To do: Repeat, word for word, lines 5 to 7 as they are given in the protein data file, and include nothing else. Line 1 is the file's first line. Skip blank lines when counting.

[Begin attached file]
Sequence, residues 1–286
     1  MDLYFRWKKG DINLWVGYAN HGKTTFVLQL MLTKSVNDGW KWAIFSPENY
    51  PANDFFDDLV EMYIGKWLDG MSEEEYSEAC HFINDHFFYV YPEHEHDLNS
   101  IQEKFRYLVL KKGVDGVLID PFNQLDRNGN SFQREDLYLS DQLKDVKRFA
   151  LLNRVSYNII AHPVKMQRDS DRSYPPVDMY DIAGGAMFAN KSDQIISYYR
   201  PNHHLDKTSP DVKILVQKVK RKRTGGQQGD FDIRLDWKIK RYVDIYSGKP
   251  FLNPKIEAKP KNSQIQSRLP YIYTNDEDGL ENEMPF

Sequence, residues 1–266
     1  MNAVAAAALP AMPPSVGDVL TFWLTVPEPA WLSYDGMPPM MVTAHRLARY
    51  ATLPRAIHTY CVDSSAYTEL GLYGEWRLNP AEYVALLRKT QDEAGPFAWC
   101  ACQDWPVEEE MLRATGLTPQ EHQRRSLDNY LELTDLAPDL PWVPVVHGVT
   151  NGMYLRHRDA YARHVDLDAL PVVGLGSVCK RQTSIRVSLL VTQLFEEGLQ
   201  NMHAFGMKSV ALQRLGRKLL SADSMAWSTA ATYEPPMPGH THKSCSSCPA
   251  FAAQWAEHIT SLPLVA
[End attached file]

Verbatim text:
   151  LLNRVSYNII AHPVKMQRDS DRSYPPVDMY DIAGGAMFAN KSDQIISYYR
   201  PNHHLDKTSP DVKILVQKVK RKRTGGQQGD FDIRLDWKIK RYVDIYSGKP
   251  FLNPKIEAKP KNSQIQSRLP YIYTNDEDGL ENEMPF